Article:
Rhode Island Governor Gina Raimondo—the first woman to hold the position there—isn’t one to tip-toe around an issue.
The former venture capitalist first ran for treasurer of the Ocean State and won in 2010 after hearing that budget cuts were threatening local libraries. She then became convinced that Rhode Island’s pension system (the second-worst funded in the nation, after Illinois) was in deep need of an overhaul and took that on as well.
Although she did a lot of things voters didn’t like—including cutting cost-of-living increases for public employees and increasing their retirement age—she was elected governor this past January.
What was her secret to staying on her electorate’s good side despite these tough calls? “Just being honest with people,” she told Fortune’s Pattie Sellers at the annual Most Powerful Women Summit in Washington, D.C. on Tuesday.
“So many people would say to me, ‘I don’t like you and I don’t like what you’re saying, but I trust you.'” Raimondo recalled.
For Democratic Presidential frontrunner Hillary Clinton, trust is a weak spot: Only 32% of voters see her as honest and trustworthy, according to a CBS News /New York Times poll last month. Raimondo—the first Democratic governor in Rhode Island in over 20 years—is a Clinton supporter and believes the best thing the former Secretary of State can do is to emulate her policy of openness.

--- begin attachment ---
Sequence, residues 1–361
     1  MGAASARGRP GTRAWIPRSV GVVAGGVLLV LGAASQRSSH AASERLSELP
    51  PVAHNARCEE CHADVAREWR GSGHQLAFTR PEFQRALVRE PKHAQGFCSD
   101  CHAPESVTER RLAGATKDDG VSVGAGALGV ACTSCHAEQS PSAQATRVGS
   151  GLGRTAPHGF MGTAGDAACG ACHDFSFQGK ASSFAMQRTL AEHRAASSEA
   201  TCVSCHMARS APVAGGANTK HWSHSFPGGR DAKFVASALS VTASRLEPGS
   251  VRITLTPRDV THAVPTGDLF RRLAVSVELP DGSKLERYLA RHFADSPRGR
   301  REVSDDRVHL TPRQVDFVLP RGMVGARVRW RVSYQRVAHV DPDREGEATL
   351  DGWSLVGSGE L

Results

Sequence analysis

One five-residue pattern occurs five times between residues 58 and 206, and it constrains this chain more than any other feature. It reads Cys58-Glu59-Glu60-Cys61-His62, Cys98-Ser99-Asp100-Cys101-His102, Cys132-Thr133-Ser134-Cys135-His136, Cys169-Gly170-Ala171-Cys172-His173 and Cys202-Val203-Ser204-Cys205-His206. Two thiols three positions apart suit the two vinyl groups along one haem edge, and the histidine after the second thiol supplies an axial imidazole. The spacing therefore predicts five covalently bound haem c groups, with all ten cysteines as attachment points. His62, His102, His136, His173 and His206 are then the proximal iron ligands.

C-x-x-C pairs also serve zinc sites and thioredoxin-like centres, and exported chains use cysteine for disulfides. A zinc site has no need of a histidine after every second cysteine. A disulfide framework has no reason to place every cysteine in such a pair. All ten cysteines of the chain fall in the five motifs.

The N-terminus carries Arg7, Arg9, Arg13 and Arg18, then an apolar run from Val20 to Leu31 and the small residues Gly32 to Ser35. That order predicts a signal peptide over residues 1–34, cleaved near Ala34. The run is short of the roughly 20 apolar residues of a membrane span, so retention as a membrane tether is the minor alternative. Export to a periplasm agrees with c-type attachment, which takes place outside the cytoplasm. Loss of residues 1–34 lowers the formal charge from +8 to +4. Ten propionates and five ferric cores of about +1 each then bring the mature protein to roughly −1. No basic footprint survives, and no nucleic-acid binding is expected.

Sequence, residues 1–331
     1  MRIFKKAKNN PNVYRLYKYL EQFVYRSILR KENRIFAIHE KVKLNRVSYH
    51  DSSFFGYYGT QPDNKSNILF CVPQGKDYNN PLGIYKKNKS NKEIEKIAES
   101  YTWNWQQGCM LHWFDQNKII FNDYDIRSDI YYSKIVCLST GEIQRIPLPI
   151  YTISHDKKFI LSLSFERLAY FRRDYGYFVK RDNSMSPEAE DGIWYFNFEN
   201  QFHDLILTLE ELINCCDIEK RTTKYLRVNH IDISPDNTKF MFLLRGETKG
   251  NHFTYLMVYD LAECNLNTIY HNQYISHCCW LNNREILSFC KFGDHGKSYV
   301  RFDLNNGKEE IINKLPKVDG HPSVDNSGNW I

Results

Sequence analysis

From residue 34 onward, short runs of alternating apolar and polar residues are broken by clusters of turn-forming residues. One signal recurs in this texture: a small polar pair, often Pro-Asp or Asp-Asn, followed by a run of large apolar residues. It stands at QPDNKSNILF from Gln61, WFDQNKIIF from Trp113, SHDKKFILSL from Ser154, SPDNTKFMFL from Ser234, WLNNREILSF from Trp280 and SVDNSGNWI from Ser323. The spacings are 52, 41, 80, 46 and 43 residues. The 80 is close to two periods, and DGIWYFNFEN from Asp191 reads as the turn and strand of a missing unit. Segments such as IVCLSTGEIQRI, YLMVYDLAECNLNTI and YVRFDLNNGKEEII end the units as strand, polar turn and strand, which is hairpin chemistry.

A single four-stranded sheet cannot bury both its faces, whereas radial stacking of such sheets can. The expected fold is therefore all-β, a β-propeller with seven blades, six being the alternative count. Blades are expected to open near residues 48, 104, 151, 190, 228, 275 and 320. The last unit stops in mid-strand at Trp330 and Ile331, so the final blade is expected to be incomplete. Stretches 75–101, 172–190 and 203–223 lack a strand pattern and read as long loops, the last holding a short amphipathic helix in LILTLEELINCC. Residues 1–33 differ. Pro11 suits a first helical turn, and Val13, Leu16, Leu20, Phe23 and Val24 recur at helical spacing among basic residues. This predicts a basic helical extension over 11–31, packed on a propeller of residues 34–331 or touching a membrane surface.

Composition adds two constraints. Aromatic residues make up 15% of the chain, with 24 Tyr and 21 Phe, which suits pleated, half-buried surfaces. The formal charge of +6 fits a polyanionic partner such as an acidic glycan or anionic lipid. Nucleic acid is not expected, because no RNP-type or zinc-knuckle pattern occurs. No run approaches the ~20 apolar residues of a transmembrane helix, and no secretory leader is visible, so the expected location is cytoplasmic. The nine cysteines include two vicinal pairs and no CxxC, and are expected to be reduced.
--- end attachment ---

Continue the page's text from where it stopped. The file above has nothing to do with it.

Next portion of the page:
During tonight’s Democratic primary debate, “[Clinton] needs to talk about the issues,” Raimondo said. “We need to talk about something other than emails,” she added, referring to the the scandal that has been dogging Clinton’s campaign for months now.
As for her own ambitions, Raimondo said she has no particular plans after her governorship term ends. But whether it’s going back to her previous life in VC or staying in politics, she is a woman worth keeping tabs on.
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